Calvert Hall junior cornerback Daquan Davis certainly does not lack for confidence. Picking off four passes, racking up over 40 tackles and helping his team to its first Metro Interscholastic Athletic Association A-Conference title will do that for you.
But these days Davis' mouth is running even faster than his 4.5 40-yard dash time.
"I take a lot of pride in being a top corner," said the 5-foot-11, 170-pound Davis. "I feel as though I can be the best cornerback in the state, if not the country."
Wait a second. The country?
Davis didn't hesitate.
"That's right," he said. "I take time to perfect my craft. Backpedaling, reading receivers, speed, instincts - everything. I truly believe I can be one of the best around."
Big talk for such a little guy. Whether or not he lives up to it remains to be seen, but the early reports on Davis are promising. Opposing coaches were hesitant to throw to his side of the field. Moreover, talent evaluators and coaches rave about his technically sound skills and his take-charge attitude. He's already receiving heavy interest from a number of Division-I schools from the ACC, Big East and Big 10.
"Daquan can cover most anybody," said his senior teammate Adrian Amos, who is a Division-I player himself (Connecticut). "He has real quick feet; he has the best footwork I've seen of any DB at any of the combines and camps I went to. He works real hard on his backpedal and change of direction. He's definitely a D-I player."
One of the more surprising areas where Davis excels is his physicality. Even though most receivers tower over him, Davis isn't afraid to get in their face, knock them off the line or come up and make a big hit on a receiver screen.
Amos remembers one play during the Gilman-Calvert Hall game where Davis shot up and dropped Gilman's four-star quarterback, Darius Jennings.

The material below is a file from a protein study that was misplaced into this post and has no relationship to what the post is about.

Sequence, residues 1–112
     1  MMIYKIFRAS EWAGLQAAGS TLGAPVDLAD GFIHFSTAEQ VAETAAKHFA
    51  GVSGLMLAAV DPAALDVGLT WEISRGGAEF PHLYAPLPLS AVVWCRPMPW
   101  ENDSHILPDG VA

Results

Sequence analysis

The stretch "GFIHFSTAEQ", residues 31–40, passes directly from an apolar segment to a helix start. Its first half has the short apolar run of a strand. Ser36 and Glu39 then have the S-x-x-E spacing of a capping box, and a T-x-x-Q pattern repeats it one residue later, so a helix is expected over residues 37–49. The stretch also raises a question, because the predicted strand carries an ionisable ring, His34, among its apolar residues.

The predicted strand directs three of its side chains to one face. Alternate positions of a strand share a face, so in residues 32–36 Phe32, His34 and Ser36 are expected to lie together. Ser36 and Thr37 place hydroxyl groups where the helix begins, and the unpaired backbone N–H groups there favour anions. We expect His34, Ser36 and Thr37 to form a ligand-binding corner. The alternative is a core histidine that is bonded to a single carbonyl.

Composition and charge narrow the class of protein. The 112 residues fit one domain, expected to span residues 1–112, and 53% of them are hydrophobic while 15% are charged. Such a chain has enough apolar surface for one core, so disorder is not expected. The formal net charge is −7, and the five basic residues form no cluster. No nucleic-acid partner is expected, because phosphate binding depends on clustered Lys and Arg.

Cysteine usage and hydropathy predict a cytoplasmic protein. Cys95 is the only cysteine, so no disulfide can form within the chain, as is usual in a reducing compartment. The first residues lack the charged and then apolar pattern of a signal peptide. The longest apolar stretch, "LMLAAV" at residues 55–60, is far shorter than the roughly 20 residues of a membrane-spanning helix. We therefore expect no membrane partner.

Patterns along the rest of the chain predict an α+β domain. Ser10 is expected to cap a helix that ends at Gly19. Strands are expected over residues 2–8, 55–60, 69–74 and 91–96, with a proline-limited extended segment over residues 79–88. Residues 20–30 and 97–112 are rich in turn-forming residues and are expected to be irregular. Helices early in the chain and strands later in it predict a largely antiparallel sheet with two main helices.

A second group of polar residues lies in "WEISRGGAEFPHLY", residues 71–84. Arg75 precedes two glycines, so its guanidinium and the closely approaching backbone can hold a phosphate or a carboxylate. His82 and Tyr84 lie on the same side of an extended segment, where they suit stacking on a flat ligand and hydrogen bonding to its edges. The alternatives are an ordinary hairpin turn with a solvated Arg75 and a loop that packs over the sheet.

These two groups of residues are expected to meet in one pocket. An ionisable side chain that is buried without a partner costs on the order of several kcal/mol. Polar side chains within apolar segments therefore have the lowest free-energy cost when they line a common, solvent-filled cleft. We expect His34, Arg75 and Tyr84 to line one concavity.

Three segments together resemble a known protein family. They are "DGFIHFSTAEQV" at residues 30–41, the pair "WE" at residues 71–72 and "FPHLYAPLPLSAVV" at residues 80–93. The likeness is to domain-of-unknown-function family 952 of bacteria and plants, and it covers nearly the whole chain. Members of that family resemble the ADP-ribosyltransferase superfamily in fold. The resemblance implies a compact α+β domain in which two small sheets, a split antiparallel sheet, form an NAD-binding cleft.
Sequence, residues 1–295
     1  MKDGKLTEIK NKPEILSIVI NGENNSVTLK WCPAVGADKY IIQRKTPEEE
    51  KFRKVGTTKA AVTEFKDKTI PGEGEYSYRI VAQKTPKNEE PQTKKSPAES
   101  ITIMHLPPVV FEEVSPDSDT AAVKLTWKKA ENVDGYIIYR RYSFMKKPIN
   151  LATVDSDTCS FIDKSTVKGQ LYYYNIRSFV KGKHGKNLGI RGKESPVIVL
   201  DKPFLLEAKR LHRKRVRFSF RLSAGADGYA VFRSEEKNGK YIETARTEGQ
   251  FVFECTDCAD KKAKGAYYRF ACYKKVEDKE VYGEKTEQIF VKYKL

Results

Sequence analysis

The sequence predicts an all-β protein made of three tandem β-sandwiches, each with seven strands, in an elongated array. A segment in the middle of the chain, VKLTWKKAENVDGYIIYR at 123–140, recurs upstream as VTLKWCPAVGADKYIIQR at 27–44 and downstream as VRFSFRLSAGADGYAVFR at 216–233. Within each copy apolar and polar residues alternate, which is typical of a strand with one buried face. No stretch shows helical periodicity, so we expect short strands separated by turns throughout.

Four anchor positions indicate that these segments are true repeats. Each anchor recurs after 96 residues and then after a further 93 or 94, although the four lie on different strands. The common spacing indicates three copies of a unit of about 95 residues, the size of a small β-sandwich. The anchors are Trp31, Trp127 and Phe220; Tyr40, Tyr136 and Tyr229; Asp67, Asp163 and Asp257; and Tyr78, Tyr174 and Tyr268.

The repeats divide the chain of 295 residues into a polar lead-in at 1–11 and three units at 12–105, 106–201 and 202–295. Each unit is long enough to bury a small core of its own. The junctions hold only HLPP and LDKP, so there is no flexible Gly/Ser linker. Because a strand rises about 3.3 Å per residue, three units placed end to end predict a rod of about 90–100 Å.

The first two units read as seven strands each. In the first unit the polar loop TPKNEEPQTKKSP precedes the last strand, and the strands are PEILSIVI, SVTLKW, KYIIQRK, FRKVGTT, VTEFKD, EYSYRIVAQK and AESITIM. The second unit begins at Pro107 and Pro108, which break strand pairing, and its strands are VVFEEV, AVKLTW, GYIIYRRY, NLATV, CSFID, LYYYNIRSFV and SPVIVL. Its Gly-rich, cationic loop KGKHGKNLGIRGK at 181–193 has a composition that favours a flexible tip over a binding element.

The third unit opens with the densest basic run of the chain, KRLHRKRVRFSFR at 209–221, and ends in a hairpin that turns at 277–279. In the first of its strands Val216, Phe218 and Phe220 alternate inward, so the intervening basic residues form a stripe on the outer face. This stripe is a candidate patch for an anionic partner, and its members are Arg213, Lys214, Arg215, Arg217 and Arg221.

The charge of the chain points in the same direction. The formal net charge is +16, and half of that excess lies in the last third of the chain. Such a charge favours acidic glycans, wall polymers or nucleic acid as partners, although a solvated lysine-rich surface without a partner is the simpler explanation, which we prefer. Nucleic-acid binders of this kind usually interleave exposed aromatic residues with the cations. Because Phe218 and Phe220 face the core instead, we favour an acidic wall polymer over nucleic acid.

"One of the knocks on Daquan early on was he wasn't physical enough," said Calvert Hall coach Don Davis. "The thought was that he was one of those track kids who could run but wasn't someone who was going to get up in a receiver's face. But he's very physical at the point of attack and he really answered the call this year. He got up there and would put his hands on the kid. That really helped us defensively because it allowed us to move other guys around."
Amos, for example, was able to move from cornerback to safety this year. That allowed him to freelance more in coverage and focus more on run defense. Amos noted how he didn't have to cheat towards a certain receiver because he trusted Davis to hold his own.
"When I'm at safety I don't have to worry about him in man coverage," Amos said. "When we were playing Gilman I was able to come up and try to stop Darius [Jennings] because Daquan had the back end covered."
While Davis did play well against Gilman, he said that's hardly his best performance. Gilman, you see, doesn't pass the ball a whole lot, so he wasn't tested more than a couple times all night. But against Loyola's wide-open spread attack in the Turkey Bowl at M&T Bank Stadium, Davis saw passes galore. He and his teammates responded by shutting down the Dons' offense, limiting them to just 100 yards.